Wednesday, December 19, 2012

Key lime tart with gingersnap crust

Everyone has their birthday pie. I always pick lemon meringue and D always picks key lime. The first year I ever made a key lime pie for him I put meringue on it and let me just tell you that there are two camps of people - those who put meringue on key lime pie and those that believe nothing except whipped cream is appropriate. It was embarrassing.

I've since reformed but it's taken me years to track down just the right recipe. I tested out fancy recipes that have you make lime curd and strain it through a chinois. I've tested regular crusts and graham cracker crusts and some variations on each. The final winner uses the easiest filling (I swear - homemade curd doesn't taste any better than the tried and true version with sweetened condensed milk) and a crust that's a little out of the ordinary, combining gingersnaps and pecans.

key lime tart
{key lime tart}

Key lime tart with gingersnap crust (serves at least 8, filling recipe from here, crust recipe from here)

For the crust: 
2 cups gingersnap cookie crumbs (about 9 oz)
1 cup pecans (about 3.5 oz)
1/4 cup packed brown sugar
2 tablespoons chopped crystallized ginger (you can skip if you don't have it)
1/4 cup unsalted butter, melted

For the filling: (see notes about doubling below)
1 (14-oz) can sweetened condensed milk
4 large egg yolks, lightly beaten
1/2 cup Key lime juice (fresh is great, but bottled saves time)
Zest from 2 small limes or 1 large

For the topping:
1 - 1.5 cups chilled heavy cream (depending on how thick you want it)
1 - 2 tablespoons sugar

Make crust: 
Preheat oven to 350F. Grind cookies, pecans, brown sugar and ginger in a food processor until nuts are finely ground. Add butter and process to blend. Transfer mixture to a 9" tart pan with removable bottom and use your fingers to press filling onto the bottom and around the sides of the pan as evenly as possible. Bake crust 10 minutes, until just set.

Make filling: 
Whisk together condensed milk and yolks in a bowl  until combined well. Add juice and zest and whisk until combined well. Pour filling into crust and bake in middle of oven 15 minutes (filling will set as it cools). Cool pie completely then chill, covered, at least 8 hours.

Make topping: 
Beat cream and sugar with an electric mixer until it just holds stiff peaks. Spread cream on top of chilled tart with a spatula and smooth it out. Cover and chill until serving, up to several hours ahead. One cup of whipped cream gives you a nice layer on top but I like to go for the full 1.5 cups which makes the whipped cream layer nearly as thick as the filling layer. This is a personal preference, for sure.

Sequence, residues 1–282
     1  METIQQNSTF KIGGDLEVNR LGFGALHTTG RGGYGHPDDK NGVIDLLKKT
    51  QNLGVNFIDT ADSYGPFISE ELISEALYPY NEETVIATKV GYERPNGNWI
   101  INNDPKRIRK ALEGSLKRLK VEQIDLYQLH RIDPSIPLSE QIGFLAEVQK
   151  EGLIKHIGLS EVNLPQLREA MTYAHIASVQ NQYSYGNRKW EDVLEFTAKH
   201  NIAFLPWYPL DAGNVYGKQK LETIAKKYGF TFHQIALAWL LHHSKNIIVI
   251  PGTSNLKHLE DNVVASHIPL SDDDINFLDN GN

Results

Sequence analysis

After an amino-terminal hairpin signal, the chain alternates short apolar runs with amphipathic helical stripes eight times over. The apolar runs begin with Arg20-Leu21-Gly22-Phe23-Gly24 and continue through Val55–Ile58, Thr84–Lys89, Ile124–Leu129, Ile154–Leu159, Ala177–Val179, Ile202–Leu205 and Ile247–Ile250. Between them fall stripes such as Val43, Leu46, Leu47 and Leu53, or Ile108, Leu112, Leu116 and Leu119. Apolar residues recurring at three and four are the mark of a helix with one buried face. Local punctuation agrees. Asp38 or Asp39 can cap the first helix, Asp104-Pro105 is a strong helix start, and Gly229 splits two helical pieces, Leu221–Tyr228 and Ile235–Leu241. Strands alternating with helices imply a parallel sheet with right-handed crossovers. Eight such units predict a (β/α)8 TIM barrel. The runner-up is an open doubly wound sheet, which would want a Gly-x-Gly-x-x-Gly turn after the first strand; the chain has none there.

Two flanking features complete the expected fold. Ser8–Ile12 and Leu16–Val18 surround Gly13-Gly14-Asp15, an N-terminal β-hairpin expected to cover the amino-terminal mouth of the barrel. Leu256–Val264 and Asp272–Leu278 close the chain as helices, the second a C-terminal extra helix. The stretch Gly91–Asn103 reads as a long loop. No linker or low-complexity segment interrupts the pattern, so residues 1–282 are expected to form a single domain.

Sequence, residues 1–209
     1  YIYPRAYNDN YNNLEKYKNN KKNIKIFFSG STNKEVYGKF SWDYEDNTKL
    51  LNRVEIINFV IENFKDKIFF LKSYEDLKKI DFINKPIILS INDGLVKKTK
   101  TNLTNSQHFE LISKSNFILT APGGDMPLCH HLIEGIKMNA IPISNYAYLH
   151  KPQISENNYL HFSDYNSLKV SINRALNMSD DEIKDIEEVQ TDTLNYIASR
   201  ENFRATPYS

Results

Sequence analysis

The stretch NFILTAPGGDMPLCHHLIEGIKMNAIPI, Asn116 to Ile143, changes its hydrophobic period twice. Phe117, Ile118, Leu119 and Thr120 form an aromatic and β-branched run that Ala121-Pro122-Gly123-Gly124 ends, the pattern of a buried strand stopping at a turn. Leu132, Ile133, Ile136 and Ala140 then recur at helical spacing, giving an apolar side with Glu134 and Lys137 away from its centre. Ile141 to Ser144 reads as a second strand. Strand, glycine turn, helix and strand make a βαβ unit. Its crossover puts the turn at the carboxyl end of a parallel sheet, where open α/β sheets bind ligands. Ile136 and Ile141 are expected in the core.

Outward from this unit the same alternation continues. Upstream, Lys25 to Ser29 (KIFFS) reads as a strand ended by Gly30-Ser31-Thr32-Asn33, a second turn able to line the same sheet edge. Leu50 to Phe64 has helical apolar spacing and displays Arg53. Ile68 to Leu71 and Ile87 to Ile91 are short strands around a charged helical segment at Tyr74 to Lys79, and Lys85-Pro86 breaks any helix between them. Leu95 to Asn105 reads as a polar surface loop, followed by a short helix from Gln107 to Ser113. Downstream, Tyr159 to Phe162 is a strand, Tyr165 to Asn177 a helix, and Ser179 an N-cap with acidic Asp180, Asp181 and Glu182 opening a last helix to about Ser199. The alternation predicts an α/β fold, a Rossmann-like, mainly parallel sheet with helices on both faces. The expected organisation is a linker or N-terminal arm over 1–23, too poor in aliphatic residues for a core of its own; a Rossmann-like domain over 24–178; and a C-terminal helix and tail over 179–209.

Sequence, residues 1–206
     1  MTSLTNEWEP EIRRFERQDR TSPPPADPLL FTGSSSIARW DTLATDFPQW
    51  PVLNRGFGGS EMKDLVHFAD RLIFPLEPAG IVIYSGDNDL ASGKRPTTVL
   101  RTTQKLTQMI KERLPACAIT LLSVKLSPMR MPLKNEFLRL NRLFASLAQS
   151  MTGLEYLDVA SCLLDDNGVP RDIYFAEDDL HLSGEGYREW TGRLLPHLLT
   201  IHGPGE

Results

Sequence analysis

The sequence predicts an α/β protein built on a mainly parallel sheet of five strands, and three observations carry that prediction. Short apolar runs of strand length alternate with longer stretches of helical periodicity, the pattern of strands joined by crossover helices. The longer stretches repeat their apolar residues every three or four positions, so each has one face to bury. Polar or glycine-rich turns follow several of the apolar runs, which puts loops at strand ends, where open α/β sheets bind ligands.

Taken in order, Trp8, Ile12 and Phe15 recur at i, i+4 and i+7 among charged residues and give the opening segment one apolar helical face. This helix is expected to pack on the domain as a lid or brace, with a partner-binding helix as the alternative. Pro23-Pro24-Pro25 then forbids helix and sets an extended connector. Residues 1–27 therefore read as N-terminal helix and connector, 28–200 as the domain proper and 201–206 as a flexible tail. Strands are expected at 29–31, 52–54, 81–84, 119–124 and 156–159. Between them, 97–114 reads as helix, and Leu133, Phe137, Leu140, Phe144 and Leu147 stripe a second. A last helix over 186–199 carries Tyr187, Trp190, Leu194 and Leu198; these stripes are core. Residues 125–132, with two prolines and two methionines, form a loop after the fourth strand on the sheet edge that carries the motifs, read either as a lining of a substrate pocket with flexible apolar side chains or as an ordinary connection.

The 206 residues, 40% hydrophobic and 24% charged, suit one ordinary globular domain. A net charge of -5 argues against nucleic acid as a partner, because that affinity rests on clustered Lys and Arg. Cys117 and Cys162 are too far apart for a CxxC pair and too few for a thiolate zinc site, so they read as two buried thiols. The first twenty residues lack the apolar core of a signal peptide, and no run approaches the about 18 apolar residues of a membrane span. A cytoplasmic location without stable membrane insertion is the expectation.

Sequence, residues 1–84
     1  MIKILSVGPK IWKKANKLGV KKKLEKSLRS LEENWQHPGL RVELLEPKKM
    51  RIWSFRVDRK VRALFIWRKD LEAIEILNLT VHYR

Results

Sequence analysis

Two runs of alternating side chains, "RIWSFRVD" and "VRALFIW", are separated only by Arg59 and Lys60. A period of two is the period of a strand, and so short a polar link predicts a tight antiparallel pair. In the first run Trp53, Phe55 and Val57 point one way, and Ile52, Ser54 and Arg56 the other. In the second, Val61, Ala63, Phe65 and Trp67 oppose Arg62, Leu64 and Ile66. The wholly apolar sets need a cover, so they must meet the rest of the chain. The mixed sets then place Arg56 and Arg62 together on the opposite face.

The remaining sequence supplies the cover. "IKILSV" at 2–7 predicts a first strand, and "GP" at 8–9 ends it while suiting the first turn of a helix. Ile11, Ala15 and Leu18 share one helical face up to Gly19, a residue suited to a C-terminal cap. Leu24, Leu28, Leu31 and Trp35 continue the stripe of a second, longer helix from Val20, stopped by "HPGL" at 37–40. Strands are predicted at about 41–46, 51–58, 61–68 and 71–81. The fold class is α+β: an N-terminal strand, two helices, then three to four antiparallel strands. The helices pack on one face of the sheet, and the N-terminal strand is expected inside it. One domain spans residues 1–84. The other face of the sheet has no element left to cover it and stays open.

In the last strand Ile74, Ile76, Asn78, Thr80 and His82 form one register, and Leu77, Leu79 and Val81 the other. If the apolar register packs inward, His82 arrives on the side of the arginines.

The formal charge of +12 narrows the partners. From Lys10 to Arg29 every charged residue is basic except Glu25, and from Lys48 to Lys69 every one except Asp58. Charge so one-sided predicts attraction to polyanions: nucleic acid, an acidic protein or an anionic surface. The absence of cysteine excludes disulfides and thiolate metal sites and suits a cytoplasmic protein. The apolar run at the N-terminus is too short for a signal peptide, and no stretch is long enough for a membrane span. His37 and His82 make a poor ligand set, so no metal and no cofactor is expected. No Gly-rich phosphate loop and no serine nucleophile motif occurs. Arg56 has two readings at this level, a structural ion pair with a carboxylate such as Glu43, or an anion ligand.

Modification for 10" pan: The original recipe calls for a 9" tart pan but I don't have one. I use a 10" tart pan instead. There is plenty of crust for a 10" pan but the filling ends up being spread thin. Sometimes I just leave it thin and add extra whipped cream but I usually double the filling. The doubled recipe won't all fit in the tart pan, so I pour the little bit of extra into a ramekin and bake it alongside the pie for a quick treat. I use a full 1.5 cups of whipping cream for a thick layer on the 10" tart pan, but you could probably get away with using less. 

Most recipes tell you to whip the cream immediately before serving, but who wants to be in the kitchen right before dessert? I generally whip the cream and spread a thick layer on the tart in the morning and then pop it back in the fridge. I haven't had any issues with this. That last picture was taken with a leftover slice of pie two days later and the whipped cream is a little beat up but still delicious.

birthday pie
{birthday pie}


  1. Oh yes! My mom always makes the grossest cherry pies for the holidays (my brother LOVES THEM). Now I might need to contribute to the dessert making this year. You can never have too many pies.

  2. oh goodness i love key lime pie (and yes, i'm a whipped topping kind of girl). d is a lucky man by the looks of that pie!

  3. Thought I'd share a whipped cream trick that I learned recently that has been a savior for all my holiday baking! If you had a teaspoon of bloomed & liquified gelatin to your whipped cream, it will hold up for positively ages! I've been using this trick for cheesecakes and pies and I love not having to worry about decorating last minute or whether or not the whipped cream will hold up if I do it in advance. Here's the blog post from Baked Bree where she shares some greats tips/recipes for Stabilized Whipped Cream:

  4. Good lord that looks so good! I really wish I wasn't on this stupid diet over Christmas! All I want is all the sweet stuff!

  5. Ha, you're so right. Everyone is very particular about meringue versus whipped cream...

  6. I'm super excited to make this with leftover stale gingerbread pieces that never got iced...mmmm!

  7. Hi Rachel, looks delicious! Quick question, who makes your tart/pie plate? Heath ceramics? Thanks so much.

    1. Silly me on second look i just realized it's a non-stick tart pan!


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